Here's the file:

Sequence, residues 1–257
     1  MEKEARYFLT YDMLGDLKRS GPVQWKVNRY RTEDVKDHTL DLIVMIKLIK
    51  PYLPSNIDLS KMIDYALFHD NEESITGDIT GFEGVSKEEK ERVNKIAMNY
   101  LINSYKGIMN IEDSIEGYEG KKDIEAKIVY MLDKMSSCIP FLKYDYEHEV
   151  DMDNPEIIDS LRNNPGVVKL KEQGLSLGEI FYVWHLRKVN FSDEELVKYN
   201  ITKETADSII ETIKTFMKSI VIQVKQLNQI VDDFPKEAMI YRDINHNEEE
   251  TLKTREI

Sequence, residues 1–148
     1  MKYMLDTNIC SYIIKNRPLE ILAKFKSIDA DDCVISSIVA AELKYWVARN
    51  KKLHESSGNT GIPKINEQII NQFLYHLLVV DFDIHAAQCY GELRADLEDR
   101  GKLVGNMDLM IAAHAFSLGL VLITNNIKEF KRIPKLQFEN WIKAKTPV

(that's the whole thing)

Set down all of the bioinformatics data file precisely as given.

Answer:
Sequence, residues 1–257
     1  MEKEARYFLT YDMLGDLKRS GPVQWKVNRY RTEDVKDHTL DLIVMIKLIK
    51  PYLPSNIDLS KMIDYALFHD NEESITGDIT GFEGVSKEEK ERVNKIAMNY
   101  LINSYKGIMN IEDSIEGYEG KKDIEAKIVY MLDKMSSCIP FLKYDYEHEV
   151  DMDNPEIIDS LRNNPGVVKL KEQGLSLGEI FYVWHLRKVN FSDEELVKYN
   201  ITKETADSII ETIKTFMKSI VIQVKQLNQI VDDFPKEAMI YRDINHNEEE
   251  TLKTREI

Sequence, residues 1–148
     1  MKYMLDTNIC SYIIKNRPLE ILAKFKSIDA DDCVISSIVA AELKYWVARN
    51  KKLHESSGNT GIPKINEQII NQFLYHLLVV DFDIHAAQCY GELRADLEDR
   101  GKLVGNMDLM IAAHAFSLGL VLITNNIKEF KRIPKLQFEN WIKAKTPV